Simple statistical theory tells you that a survey requiring self-selected1 responses, with a response rate of ~4%2, that shows such a bias3 toward one answer is probably not a well-done survey, for three reasons.

// bias does not, in and of itself, invalidate the results - it gives you reason to think about methodology and presentation
 
2012-07-10 10:26:25 AM  

Headso: so much stuff is still done on paper it would surprise me to find a doctors office that doesn't have a fax machine.


Scanners are not fax machines
 
2012-07-10 10:26:50 AM  

tenpoundsofcheese: from wiki: Holbrook et al. (2005) assessed whether lower response rates are associated with less unweighted demographic respresentativeness of a sample. By examining the results of 81 national surveys with response rates varying from 5 percent to 54 percent, they found that surveys with much lower response rates were only minimally less accurate.


Stop quoting liberal sources you libtard.
 
2012-07-10 10:27:19 AM  

quatchi: /That noted, watching Cheezy attempt to defend the indefensible here is truly some funneh stuff.


It was, for about 3 posts. Then the constant "Red 1" background finally got to me.
 
2012-07-10 10:32:04 AM  
As I pointed out in the previous thread, if doctors truly hated Obamacare, then they should also hate Romneycare.

If so, why does Massachusetts have more MDs per capita, by far, then any other state?

Answer: they don't hate Romneycare, and they won't hate Obamacare.
 
2012-07-10 10:32:25 AM  
Now I am interested in this whole fax thing

Off to submit a TFD thread
 
2012-07-10 10:33:06 AM  
They faxed a survey? They might as well have sent it via telegraph.
 
2012-07-10 10:33:29 AM  

Philip Francis Queeg: Who the fark still uses a fax machine?


Probably doctors in smaller practices. Some of these people have been operating the same way for decades. They practice out of the first floor of their house, and their staff is their family*. Not generally very tech-savvy.

*Not getting touchy-feely over here, I mean literally their wife, kids, etc.
 
2012-07-10 10:35:06 AM  

Sock Ruh Tease: Frankly, I wouldn't trust a doctor who thinks that Obamacare will ruin their business to know that inflammable means flammable.


Who knew?
www.archeradvice.com
 
2012-07-10 10:35:11 AM  
Headline: I'll prove that 83% of doctors aren't going to quit!

Article: The author and the people putting out the stats are teh evil republicans! QED.


Sorry, but for however exaggerated the claims are, this article doesn't come close to addressing why doctors might be considering quitting. It doesn't even bother to present a counter argument, or left-wing statistics.

It's not a rebuttal. At best it's a caveat emptor. At worst it's a leftwing talking point that wont shut up whenever someone (who isn't necessarily right wing) starts to economically analyze the new federal health insurance regulations. E.g. "Well, if doctors and insurers are burdened with massing reporting requirements and quotas, they'll have less incentive to be in that line of work, as opposed to veterinary medicine or cosmetic surgery." "OMG SHUT UP, SLATE REBUTTED THAT ARGUMENT!!!111!!!".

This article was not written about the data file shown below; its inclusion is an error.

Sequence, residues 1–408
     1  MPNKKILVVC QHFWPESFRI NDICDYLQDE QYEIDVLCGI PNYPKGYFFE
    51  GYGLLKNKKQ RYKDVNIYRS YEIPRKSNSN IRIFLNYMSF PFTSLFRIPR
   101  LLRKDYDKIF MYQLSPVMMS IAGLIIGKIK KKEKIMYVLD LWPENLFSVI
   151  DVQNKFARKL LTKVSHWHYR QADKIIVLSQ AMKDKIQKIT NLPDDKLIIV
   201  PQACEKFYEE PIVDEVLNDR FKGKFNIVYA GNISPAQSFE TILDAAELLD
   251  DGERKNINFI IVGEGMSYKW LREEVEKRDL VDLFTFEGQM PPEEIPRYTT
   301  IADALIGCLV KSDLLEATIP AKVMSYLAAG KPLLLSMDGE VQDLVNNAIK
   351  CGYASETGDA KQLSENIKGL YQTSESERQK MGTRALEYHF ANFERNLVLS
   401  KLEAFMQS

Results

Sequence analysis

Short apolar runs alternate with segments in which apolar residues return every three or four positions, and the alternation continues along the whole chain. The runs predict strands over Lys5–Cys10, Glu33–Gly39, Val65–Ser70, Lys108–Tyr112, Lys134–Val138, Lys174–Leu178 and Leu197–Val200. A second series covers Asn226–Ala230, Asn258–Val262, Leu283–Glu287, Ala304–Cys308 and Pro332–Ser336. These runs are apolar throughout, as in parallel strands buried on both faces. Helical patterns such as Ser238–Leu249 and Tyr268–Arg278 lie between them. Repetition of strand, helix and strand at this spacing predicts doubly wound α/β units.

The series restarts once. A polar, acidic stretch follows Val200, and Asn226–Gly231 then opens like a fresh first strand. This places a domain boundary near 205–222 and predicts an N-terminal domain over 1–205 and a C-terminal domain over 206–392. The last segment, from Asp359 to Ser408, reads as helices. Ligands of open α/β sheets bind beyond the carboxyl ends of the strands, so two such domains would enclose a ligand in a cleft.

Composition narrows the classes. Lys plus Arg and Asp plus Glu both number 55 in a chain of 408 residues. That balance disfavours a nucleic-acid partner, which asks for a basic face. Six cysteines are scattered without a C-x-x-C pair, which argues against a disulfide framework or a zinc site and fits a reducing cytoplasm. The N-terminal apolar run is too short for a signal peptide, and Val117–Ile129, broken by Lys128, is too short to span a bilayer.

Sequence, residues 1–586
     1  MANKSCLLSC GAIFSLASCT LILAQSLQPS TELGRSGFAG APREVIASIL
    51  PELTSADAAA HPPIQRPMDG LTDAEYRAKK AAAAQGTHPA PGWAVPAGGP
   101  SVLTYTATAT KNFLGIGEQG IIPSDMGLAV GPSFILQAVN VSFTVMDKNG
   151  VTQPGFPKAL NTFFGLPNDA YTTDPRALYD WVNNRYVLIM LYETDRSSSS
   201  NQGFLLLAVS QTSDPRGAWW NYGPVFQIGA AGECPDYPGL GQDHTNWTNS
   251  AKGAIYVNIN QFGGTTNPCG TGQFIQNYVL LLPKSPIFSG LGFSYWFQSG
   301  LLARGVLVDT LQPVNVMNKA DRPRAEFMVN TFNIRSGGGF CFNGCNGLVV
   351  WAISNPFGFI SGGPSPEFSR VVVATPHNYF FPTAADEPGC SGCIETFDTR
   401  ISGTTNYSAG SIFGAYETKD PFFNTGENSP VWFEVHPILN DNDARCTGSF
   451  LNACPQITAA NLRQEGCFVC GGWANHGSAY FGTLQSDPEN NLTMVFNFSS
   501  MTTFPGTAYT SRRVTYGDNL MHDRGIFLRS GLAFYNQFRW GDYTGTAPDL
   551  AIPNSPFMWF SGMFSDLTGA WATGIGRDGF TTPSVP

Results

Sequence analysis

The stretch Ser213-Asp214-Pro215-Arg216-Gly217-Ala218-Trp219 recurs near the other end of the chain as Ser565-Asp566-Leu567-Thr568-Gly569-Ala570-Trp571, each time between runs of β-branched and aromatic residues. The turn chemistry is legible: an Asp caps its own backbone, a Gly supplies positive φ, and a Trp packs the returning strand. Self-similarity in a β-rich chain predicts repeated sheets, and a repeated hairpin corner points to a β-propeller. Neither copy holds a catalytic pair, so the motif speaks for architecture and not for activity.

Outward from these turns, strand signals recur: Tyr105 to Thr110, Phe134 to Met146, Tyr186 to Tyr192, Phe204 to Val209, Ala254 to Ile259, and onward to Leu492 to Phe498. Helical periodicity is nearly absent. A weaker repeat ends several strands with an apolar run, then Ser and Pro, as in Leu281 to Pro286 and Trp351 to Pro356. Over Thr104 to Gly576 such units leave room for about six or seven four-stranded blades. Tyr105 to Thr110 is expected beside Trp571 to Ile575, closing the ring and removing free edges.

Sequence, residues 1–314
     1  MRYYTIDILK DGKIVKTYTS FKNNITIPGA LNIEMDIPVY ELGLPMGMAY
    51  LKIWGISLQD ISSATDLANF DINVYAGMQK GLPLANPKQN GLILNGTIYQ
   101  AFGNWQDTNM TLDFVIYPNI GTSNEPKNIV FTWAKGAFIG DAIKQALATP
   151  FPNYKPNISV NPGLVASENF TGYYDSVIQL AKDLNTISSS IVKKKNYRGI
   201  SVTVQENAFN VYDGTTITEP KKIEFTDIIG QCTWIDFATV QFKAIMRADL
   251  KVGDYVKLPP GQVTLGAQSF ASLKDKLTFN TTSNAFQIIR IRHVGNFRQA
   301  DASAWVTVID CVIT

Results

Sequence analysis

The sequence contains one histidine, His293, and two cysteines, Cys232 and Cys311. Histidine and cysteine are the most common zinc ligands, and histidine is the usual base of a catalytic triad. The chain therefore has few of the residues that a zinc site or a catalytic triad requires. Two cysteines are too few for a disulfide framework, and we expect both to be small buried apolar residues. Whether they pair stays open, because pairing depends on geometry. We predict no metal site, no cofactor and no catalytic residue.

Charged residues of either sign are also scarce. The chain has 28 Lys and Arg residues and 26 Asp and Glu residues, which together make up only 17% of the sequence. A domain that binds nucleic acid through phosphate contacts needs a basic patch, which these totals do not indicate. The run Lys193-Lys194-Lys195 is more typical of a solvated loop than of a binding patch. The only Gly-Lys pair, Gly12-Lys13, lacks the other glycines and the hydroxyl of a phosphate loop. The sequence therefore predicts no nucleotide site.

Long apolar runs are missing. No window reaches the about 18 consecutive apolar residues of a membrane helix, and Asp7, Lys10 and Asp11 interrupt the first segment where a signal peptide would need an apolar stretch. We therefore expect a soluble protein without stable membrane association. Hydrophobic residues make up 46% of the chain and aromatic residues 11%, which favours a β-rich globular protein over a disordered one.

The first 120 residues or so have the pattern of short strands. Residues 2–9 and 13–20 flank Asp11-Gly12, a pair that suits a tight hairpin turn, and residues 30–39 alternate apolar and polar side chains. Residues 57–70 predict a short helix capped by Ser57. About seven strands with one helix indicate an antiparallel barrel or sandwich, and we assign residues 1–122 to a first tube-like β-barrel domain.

2012-07-10 10:36:50 AM  
Even if true, don't these people believe the market would step up and fill the void if there is a demand?
 
2012-07-10 10:37:35 AM  

sweetmelissa31: They faxed a survey? They might as well have sent it via telegraph.


Zounds, Matherson! This so-called Obamacare is a serious quandry indeed. Transmit this to the sender...

.. / -.-. .- -. / -. --- / .-.. --- -. --. . .-. / .. -. / --. --- --- -.. / ..-. .- .. - .... / -.-. --- -. - .. -. ..- . / .--. .-. .- -.-. - .. ... .. -. --. / -- . -.. .. -.-. .. -. . .-.-.-
 
2012-07-10 10:37:43 AM  

tenpoundsofcheese: Beef Swellington: Shrew2u: 699 data points from a pool of about 665,000 physicians would have a margin of error of 3.7 percent, if the poll is crafted well and the sample is statistically-reflective of the larger group.

I would be interested in knowing the sourcing of the contact information and seeing how the demographics of the sample size compares to the demographics of the group.

Response rate, grasshopper. The margin of error matters not.

from wiki: Holbrook et al. (2005) assessed whether lower response rates are associated with less unweighted demographic respresentativeness of a sample. By examining the results of 81 national surveys with response rates varying from 5 percent to 54 percent, they found that surveys with much lower response rates were only minimally less accurate.


So if you don't accept the terrible validity of a survey with a minuscule response rate by a partisan organization, how about we look at other factors:

Representative sample? Nope.